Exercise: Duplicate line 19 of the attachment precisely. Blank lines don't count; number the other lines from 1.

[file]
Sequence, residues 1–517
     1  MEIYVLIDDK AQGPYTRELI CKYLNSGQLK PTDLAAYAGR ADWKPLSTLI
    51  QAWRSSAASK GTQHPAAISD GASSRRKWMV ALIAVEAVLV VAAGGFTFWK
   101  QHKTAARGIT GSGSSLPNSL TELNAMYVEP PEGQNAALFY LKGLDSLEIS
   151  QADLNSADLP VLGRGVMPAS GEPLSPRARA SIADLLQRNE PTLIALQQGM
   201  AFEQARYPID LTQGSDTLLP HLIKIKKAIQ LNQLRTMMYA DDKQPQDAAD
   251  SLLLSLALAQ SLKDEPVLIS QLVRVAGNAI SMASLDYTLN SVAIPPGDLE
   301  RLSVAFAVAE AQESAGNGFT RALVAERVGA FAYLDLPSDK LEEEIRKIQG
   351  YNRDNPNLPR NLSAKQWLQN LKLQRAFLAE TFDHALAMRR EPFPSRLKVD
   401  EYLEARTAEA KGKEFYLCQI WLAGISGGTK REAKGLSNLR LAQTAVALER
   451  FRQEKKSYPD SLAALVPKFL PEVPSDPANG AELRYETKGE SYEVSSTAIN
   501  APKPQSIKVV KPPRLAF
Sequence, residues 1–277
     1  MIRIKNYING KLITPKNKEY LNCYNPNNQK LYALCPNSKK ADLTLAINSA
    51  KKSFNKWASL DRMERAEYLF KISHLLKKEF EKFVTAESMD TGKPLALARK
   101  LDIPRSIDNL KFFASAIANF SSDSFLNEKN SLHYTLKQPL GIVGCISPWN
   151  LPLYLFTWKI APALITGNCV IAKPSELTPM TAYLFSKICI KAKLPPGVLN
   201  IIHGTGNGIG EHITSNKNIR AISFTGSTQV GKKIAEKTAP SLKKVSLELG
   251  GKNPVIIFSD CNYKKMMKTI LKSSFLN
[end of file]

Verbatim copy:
   251  GKNPVIIFSD CNYKKMMKTI LKSSFLN